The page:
Lijie Chen
Research Interests: Theoretical Computer Science
I have a broad interest in theoretical computer science. In particular, I am interested in Computational Complexity and FineGrained Complexity.
I am currently a fifthyear graduate student at MIT, and I am very fortunate to be advised by Ryan Williams. Prior to that, I received my bachelor's degree from Yao Class at Tsinghua University.
At Tsinghua University, I was advised by Prof. Jian Li, working on MultiArmed Bandits. During the Spring of 2016, I was visiting MIT, working under the supervision of Prof. Scott Aaronson on Quantum Complexity. [CV]
I was visiting Simons Institute in the Fall of 2018.
Twitter
Note: Click on [summary] or [highlight] to view summaries or highlight of the papers/projects!
Some of my projects:
Video/Slides/Summary of Recent Work
Derandomization and its connections throughout complexity theory, a threepart series presented together with Roei Tell at IAS. [First talk by Roei] [Second talk by me] [Notes on the second talk] [Third talk by Roei]
[summary]
The series is intended to survey the fastpaced recent developments in the study of derandomization. We will present:
1. A revised version of the classical hardness vs randomness framework, converting new types of uniform lower bounds into nonblackbox derandomization algorithms.
2. Unconditional derandomization of an important class of MerlinArthur protocols, and stronger circuit lower bounds from derandomization.
3. Optimal derandomization algorithms that incur essentially no runtime overhead (a.k.a "free lunch derandomization").
Truly LowSpace Element Distinctness and Subset Sum via Pseudorandom Hash Functions [arxiv]
[abstract]
We consider lowspace algorithms for the classic Element Distinctness problem: given an array of \(n\) input integers with \(O(\log n)\) bitlength, decide whether or not all elements are pairwise distinct.
Beame, Clifford, and Machmouchi [FOCS 2013] gave an \(\tilde O(n^{1.5})\)time randomized algorithm for Element Distinctness using only \(O(\log n)\) bits of working space. However, their algorithm assumes a random oracle (in particular, readonly random access to polynomially many random bits), and it was asked as an open question whether this assumption can be removed.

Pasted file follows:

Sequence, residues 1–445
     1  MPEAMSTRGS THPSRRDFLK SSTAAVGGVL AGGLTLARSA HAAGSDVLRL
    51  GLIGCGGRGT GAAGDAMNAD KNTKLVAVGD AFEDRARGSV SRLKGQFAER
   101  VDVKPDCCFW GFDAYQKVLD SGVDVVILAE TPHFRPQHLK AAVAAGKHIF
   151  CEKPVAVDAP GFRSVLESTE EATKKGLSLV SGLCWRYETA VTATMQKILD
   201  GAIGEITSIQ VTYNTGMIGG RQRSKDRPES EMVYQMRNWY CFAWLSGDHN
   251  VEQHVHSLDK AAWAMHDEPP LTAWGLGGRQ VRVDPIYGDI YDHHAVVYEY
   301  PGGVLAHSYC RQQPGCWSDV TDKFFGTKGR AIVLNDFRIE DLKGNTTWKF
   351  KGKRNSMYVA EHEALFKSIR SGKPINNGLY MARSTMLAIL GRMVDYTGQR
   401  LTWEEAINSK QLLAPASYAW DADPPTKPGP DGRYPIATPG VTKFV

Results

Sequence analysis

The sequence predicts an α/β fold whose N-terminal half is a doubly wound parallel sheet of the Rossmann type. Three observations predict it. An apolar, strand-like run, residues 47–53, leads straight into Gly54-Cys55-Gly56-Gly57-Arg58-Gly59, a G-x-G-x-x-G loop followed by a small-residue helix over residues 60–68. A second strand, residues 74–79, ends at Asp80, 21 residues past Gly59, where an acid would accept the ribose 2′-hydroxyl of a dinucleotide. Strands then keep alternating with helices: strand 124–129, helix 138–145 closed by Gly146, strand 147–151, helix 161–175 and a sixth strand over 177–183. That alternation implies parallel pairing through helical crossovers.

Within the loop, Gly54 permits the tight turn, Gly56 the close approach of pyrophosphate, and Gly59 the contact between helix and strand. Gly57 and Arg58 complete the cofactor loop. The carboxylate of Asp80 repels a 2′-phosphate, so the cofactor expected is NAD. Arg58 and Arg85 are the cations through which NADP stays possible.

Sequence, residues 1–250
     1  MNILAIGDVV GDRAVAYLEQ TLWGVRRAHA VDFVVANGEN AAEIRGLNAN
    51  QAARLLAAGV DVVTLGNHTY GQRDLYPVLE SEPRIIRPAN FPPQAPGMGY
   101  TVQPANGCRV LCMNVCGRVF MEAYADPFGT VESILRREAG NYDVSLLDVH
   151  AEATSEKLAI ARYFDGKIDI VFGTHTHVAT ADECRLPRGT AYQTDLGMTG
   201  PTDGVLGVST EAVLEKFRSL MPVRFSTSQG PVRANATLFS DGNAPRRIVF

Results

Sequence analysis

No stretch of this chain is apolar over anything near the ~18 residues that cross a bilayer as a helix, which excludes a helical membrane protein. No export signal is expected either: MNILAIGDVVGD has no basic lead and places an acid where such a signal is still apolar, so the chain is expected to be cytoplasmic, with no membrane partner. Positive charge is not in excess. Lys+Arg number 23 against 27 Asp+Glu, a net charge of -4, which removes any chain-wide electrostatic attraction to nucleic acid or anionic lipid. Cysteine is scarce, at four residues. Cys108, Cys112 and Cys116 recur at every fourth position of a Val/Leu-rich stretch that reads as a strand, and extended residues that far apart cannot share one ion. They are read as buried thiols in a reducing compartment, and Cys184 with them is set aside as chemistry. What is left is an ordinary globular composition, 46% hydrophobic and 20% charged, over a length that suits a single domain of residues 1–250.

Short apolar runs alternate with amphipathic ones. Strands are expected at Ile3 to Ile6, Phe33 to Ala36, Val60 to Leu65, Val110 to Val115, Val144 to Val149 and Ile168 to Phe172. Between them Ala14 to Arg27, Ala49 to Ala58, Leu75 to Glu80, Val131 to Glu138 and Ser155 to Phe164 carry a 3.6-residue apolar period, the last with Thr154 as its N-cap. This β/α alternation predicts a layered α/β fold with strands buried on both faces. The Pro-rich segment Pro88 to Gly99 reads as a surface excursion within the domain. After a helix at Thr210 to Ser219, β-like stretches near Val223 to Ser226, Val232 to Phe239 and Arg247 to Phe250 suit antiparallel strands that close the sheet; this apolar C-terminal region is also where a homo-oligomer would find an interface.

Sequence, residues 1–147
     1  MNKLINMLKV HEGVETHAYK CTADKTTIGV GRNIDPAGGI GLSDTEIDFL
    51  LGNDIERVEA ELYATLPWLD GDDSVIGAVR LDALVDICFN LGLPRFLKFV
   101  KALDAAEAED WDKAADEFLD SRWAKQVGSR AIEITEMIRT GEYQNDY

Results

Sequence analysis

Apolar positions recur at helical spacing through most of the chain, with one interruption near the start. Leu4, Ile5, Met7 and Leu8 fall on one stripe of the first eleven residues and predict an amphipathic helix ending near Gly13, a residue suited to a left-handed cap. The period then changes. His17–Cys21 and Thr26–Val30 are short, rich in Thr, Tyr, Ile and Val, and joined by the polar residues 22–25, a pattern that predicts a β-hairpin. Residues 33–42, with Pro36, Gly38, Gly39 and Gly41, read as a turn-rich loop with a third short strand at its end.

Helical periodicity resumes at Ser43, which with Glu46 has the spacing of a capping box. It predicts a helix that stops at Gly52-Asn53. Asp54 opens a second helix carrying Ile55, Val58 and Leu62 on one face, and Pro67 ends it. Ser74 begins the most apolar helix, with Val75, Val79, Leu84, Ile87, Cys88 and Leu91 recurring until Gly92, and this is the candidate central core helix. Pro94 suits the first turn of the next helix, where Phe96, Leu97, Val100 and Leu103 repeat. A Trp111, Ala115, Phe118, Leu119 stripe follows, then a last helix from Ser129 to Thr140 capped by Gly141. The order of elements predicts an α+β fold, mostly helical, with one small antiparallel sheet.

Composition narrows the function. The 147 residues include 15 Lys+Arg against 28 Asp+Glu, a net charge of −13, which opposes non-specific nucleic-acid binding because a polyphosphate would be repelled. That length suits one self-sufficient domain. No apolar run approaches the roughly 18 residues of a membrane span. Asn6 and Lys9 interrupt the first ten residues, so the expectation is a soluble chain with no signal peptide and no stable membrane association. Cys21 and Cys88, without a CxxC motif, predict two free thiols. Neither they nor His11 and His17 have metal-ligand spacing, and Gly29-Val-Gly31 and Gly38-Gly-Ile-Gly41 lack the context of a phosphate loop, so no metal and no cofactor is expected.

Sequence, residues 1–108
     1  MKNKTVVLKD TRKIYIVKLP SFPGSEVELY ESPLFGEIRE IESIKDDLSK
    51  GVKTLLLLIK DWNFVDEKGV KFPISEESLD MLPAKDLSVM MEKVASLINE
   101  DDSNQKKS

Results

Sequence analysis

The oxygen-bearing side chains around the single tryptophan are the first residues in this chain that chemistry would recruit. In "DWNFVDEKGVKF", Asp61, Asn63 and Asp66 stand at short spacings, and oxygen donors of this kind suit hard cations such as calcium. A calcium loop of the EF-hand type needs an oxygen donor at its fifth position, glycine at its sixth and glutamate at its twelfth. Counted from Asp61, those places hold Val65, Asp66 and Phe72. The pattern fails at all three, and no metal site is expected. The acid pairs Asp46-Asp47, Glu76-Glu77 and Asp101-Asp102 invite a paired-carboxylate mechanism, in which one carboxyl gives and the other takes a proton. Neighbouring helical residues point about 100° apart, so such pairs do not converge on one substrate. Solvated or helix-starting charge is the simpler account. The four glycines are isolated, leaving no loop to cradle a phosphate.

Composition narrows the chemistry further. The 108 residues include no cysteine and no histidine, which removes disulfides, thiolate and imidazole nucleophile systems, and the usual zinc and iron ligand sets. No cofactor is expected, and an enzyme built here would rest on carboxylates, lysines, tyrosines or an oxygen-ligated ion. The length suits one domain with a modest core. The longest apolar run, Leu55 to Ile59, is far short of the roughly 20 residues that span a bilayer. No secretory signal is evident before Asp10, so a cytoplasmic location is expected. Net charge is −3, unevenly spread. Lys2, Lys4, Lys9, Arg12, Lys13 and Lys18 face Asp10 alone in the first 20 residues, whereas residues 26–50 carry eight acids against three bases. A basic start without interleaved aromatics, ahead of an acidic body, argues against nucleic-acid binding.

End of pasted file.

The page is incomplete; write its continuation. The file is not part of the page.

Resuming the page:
In this paper, we positively answer this question by giving an \(\tilde O(n^{1.5})\)time randomized algorithm using \(O(\log ^3 n\log \log n)\) bits of space, with oneway access to random bits. As a corollary, we also obtain a \(\textrm{poly}(n)\)space \(O^*(2^{0.86n})\)time randomized algorithm for the Subset Sum problem, removing the random oracles required in the algorithm of Bansal, Garg, Nederlof, and Vyas [STOC 2017]. The main technique underlying our results is a pseudorandom hash family based on iterative restrictions, which can fool the cyclefinding procedure in the algorithms of Beame et al. and Bansal et al.
Hardness vs Randomness, Revised: Uniform, NonBlackBox, and InstanceWise [eccc] [slides by me] [slides by Roei]
[short summary]
Textbook hardnesstorandomness converts circuit lower bounds into PRGs. But is this blackbox approach really necessary for derandomization? In this new work we revamp the classical hardnesstorandomness framework, showing how to convert new types of uniform lower bounds into nonblackbox derandomization, deducing conclusions such as promiseBPP = promiseP without PRGs. Moreover, we show that the same types of lower bounds are in fact necessary for any type of derandomization! This reveals a tight connection between any derandomization of promiseBPP (i.e., not necessarily a blackbox one) and the foregoing new types of uniform lower bounds.
Our framework also allows a flexible tradeoff between hardness and randomness. In an extreme setting, we show that plausible uniform lower bounds imply that "randomness is indistinguishable from useless". That is, every randomized algorithm can be derandomized with an arbitrarily small polynomial overhead, such that no polynomialtime algorithm can find a mistake with nonnegligible probability.
Selected Publications
Derandomization
Hardness vs Randomness, Revised: Uniform, NonBlackBox, and InstanceWise [eccc] [slides] [Roei's talk at TCS plus] [Roei's slides]
[short summary]
Textbook hardnesstorandomness converts circuit lower bounds into PRGs. But is this blackbox approach really necessary for derandomization? In this new work we revamp the classical hardnesstorandomness framework, showing how to convert new types of uniform lower bounds into nonblackbox derandomization, deducing conclusions such as promiseBPP = promiseP without PRGs. Moreover, we show that the same types of lower bounds are in fact necessary for any type of derandomization! This reveals a tight connection between any derandomization of promiseBPP (i.e., not necessarily a blackbox one) and the foregoing new types of uniform lower bounds.